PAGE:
A second city MP has challenged the Government over fire cuts in the North.
Newcastle North MP Catherine McKinnell has written to the Fire Service Minister, Brandon Lewis, after he said that Tyne and Wear Fire Service - which is facing budget cuts of 23% over the next seven years - was to blame for shutting fire stations and instituting job cuts.
Mr Lewis, who was responding to a question in the House of Commons from Newcastle Central MP Chi Onwurah, said the brigade should use its reserves to bridge its funding gap and had wasted money on a training facility.
But Mrs McKinnell said Tyne and Wear was facing “disproportionate” cuts compared to the rest of the country and that Mr Lewis was out of touch with the North East.
She said: “Tyne and Wear Fire and Rescue Service is clearly facing significant cuts, with very serious implications for the service it provides in the future. I firmly believe that the scale of these cuts, and consequent loss of firefighter posts and station closures, is unfair, disproportionate and will put people’s lives at risk.
“However, it’s deeply concerning that the Minister with responsibility for this critical issue could be so ill-informed. Not only does he appear oblivious to the scale of cut actually faced by Tyne and Wear – he claims the local fire service is spending money where it is not. This is typical of a Government and Ministers who appear to have absolutely no awareness of the impact of their spending decisions on the North East.”
Tyne and Wear Fire Service service expects to lose £12.9m by April 2017 and claims it is “disproportionately” hurt by the cuts because its council tax takings are lower.
It is planning to close fire stations in Gosforth, Wallsend and Sunderland, lose six fire engines and cut 131 staff, though some of those cuts have been put on hold in the short term after it dipped into reserves.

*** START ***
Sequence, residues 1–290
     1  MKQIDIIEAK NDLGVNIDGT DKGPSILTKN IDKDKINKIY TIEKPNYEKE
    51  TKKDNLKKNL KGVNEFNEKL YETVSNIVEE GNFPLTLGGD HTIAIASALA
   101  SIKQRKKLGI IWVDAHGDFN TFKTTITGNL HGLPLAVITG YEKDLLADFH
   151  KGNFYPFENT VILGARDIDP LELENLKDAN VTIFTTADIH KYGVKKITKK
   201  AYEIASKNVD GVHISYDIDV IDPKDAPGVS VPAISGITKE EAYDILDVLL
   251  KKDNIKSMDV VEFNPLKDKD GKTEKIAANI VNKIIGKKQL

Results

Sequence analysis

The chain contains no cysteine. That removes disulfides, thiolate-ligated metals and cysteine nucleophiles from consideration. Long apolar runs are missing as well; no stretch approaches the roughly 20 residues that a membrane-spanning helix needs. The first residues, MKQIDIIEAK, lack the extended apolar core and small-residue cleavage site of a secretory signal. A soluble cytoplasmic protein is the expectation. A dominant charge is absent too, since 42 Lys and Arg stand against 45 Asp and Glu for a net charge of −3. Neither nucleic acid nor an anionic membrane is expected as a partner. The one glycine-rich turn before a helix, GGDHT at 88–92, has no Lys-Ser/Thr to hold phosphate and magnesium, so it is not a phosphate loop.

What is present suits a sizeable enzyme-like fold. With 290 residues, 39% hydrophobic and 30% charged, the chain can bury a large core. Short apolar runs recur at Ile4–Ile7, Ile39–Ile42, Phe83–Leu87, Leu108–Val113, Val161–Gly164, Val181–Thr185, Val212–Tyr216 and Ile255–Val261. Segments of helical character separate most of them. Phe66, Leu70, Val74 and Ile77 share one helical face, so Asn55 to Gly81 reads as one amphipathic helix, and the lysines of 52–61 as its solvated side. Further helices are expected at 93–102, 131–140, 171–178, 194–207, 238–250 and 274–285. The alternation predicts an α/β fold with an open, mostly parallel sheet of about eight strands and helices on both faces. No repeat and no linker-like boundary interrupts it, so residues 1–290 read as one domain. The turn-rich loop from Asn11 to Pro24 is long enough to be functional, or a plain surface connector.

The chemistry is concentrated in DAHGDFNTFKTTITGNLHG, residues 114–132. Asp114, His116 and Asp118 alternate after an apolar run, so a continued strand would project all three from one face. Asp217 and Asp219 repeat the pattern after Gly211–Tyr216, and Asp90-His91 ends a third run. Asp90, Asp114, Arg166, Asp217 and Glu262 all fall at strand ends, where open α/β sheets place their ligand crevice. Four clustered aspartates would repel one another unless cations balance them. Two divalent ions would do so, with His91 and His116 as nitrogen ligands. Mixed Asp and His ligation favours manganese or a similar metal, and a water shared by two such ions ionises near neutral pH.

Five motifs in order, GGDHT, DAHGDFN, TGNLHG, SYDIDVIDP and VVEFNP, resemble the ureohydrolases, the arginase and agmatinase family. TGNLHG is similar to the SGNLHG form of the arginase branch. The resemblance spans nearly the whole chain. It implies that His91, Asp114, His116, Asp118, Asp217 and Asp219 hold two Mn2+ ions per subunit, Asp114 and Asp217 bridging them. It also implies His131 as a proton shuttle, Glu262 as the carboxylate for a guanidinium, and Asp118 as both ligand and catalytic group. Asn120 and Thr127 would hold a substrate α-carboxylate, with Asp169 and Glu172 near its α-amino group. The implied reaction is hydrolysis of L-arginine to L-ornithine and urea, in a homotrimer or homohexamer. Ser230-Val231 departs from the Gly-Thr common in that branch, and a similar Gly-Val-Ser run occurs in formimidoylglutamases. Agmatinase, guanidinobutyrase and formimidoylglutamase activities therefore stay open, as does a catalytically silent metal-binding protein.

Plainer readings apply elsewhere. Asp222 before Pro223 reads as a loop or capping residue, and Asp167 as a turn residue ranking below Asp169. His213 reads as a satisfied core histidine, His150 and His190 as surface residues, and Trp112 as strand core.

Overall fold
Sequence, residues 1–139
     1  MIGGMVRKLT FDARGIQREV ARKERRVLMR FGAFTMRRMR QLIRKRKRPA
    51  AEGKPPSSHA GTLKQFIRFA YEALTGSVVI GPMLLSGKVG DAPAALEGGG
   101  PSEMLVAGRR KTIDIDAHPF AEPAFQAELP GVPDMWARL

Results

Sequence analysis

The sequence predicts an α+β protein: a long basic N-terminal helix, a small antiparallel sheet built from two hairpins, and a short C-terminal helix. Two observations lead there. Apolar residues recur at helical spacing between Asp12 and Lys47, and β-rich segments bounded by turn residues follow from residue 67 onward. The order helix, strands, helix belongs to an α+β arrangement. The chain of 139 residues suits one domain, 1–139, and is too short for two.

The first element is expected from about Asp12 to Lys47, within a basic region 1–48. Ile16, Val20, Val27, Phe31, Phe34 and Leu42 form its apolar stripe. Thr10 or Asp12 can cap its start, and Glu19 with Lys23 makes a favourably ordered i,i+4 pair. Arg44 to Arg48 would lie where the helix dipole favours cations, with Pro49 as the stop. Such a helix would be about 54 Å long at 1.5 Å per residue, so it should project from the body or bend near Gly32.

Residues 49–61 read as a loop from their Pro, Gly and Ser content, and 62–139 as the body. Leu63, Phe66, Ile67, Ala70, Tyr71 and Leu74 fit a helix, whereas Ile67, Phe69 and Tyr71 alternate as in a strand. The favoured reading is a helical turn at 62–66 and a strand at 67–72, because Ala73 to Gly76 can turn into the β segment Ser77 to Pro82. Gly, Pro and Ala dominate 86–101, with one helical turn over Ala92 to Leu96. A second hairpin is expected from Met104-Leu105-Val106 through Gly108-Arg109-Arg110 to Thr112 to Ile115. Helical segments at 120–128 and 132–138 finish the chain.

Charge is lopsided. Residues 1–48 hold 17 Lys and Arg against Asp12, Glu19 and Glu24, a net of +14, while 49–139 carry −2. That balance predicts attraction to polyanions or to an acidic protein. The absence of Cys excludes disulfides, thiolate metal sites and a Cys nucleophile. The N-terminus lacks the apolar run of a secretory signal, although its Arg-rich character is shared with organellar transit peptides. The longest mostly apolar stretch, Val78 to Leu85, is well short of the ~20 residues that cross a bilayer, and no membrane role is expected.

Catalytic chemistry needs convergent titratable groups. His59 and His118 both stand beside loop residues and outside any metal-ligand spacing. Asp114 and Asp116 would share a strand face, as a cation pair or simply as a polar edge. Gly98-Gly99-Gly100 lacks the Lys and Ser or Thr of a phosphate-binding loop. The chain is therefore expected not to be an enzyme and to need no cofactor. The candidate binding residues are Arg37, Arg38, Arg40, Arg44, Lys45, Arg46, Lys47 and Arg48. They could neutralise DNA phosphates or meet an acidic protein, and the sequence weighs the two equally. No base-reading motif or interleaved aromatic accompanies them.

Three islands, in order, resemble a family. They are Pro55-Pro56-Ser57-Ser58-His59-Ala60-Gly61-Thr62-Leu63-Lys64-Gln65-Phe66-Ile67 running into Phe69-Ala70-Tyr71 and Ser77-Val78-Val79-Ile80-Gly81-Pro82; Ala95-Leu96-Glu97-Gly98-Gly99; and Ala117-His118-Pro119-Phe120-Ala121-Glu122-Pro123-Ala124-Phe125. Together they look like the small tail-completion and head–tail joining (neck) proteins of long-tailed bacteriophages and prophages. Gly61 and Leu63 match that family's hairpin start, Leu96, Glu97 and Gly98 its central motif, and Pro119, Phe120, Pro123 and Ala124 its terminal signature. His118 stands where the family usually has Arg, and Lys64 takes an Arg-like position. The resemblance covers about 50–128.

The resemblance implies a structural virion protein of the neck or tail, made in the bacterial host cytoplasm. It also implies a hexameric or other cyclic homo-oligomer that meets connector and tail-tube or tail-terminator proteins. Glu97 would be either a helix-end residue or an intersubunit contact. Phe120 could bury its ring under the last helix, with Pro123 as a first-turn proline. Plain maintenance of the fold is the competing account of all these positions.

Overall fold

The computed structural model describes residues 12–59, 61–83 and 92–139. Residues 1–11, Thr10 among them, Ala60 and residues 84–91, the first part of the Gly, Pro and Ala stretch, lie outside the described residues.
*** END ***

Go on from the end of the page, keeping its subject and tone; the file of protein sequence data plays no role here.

In the Commons, Mr Lewis said that “this body has had a cut of a couple of per cent in spending power for each of the past couple of years and has built up its reserves. It has been able to spend that on extra training facilities when the Government already have a training facility.”
But it has since emerged that the service’s training facility was built 18 years ago and the brigade still has to send some of its staff to the national training centre in Gloucestershire.
A Department for Communities and Local Government spokesman said: “In the last decade there has been a 40% reduction in call outs and incidents. Deaths from fires in the home are now at an all-time low, yet expenditure has remained broadly the same.
“Every bit of the public sector needs to play its part to cut the deficit. There is significant scope for fire and rescue authorities to make sensible savings, such as through reforms to flexible staffing and crewing arrangements, better procurement, shared services including sharing of senior staff and operational collaborations. These can be done without impacting on the quality of services offered to communities.”